Biorefinery 2030: Future Prospects for the Bioeconomy by Pierre-Alain Schieb, Honorine Lescieux-Katir, Maryline

By Pierre-Alain Schieb, Honorine Lescieux-Katir, Maryline Thénot, Barbara Clément-Larosière

This publication investigates the functioning and ecosystems of biorefineries and assesses the potential for the economic bioeconomy. The authors current a case examine of the biorefinery at Bazancourt Pomacle, close to Reims, France, as a great representation of the production, paintings approaches, financing, provision of environmental providers, aggressive advantages and destiny customers of a bioeconomy. Analysing the case of Bazancourt Pomacle, the authors exhibit the big variety of goods produced through built-in biorefineries reminiscent of nutrition, bioenergy, molecules for cosmetics and nutrition for agricultural use. additionally they examine Bazancourt Pomacle as an open innovation platform, which encompasses a number of layers of R&D, together with 3 division chairs from prime engineering and company faculties in France. Illustrating a few worldwide luck tales that begun in Bazancourt Pomacle, the authors additionally examine the supply of pilot- and demonstration crops as inescapable steps within the scaling-up technique from the lab to business scale. The publication offers a scientific review of the teachings realized, in addition to information on an commercial bioeconomy. traders, selection- makers, public-policy shapers, analysts and students will find out about the historical past, actors, economics, commercial symbiosis, function of cooperatives, R&D and destiny clients of a world-class biorefinery and bio-based cluster in Europe.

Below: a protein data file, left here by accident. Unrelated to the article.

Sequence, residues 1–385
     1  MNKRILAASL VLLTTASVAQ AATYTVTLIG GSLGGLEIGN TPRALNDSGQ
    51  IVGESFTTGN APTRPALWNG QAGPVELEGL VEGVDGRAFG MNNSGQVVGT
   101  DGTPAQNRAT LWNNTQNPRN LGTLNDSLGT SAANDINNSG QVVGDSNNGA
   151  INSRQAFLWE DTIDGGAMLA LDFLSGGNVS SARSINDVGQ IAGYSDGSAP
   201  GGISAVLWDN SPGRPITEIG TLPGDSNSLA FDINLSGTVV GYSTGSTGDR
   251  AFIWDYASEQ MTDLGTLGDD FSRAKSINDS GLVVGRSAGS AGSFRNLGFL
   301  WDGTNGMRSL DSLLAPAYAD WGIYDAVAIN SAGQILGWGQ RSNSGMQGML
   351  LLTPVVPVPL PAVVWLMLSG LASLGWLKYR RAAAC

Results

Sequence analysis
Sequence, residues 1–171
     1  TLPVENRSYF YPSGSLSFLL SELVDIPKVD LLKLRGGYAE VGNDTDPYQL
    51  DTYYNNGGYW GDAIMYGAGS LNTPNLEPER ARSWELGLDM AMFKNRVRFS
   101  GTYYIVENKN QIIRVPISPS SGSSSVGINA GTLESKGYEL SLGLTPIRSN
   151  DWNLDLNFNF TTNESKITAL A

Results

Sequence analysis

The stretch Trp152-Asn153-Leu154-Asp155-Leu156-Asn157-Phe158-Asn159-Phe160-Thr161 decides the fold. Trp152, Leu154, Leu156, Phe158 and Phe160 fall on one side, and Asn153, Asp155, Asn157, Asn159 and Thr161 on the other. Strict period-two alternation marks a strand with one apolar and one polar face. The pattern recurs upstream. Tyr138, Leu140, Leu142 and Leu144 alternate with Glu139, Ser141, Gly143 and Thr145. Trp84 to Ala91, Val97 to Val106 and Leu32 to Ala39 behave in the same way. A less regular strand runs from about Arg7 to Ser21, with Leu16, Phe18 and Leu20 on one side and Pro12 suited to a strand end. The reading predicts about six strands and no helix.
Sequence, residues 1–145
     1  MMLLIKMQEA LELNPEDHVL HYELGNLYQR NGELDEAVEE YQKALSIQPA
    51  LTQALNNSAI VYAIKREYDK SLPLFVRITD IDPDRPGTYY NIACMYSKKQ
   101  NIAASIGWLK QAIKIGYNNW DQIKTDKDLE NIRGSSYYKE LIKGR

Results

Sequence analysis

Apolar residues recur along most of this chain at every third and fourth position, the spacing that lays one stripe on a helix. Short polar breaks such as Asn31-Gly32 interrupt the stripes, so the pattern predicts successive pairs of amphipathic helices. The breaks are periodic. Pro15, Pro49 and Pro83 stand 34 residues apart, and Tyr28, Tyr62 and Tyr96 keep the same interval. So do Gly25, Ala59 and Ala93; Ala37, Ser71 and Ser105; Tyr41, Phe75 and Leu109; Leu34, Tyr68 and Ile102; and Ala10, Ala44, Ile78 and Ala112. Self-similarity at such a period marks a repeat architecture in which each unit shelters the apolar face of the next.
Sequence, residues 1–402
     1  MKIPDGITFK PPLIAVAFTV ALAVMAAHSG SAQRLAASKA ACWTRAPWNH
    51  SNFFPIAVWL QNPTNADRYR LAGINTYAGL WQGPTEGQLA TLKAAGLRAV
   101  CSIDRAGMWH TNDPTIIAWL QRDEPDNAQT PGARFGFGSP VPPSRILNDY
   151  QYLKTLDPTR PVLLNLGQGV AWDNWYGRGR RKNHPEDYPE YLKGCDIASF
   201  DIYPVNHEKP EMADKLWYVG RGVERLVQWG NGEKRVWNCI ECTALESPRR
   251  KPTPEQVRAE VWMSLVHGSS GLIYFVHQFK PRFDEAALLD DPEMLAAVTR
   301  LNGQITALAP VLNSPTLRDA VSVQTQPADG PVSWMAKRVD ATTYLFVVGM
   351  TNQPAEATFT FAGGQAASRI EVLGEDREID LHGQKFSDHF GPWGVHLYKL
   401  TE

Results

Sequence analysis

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Example text

In the mid-1920s, numerous farmers’ unions which, legally, had no right to trade, but which needed to provide supplies for their members, were led to create cooperative structures to carry out this task for them. In 1922, Albert Barre´, the son of Charles, created the ‘Coope´rative des producteurs re´unis de la re´gion de Chaˆlons’ (United Producers Cooperative of the Chaˆlons Region), and in 1927, Gustave de Bohan set up the PROVIDENCE Agricole cooperative, simply as an extension of the Champagne Farmers’ Union.

It is an incontestable fact that the farmers’ union movement in Champagne played a significant role, through its dynamism and continual pursuit of progress, in the transformation of “Flea-ridden Champagne” into “Chalk Champagne,” the national leader in terms of yield per hectare. Furthermore, movements such as the ‘Jeunesse Agricole Catholique’ (JAC – Catholic Young Farmers), which, in 1957, became the ‘Club des Jeunes Agriculteurs’ (CDJA—Young Farmers’ Club), contributed to train principled, often charismatic leaders, open to progress and new ideas, such as Georges Mangeart, Ge´rard Lapie, Jacques de Bohan, Franc¸ois Pre´voteau (see below).

7 Mechanised harvesting at the beginning of the 1960s every part of the region to a similar extent. Farmers could plough more thoroughly and use mineral fertilisers everywhere, which are more effective than organic amendments for the chalk lands of Champagne. f. Fig. 7) led to chalk land being put into use once more. It reacted immediately to the care that was lavished on it. The cleared land was quickly planted with rapeseed and then cereals. Sugar beet finally appeared in central and southern Champagne.

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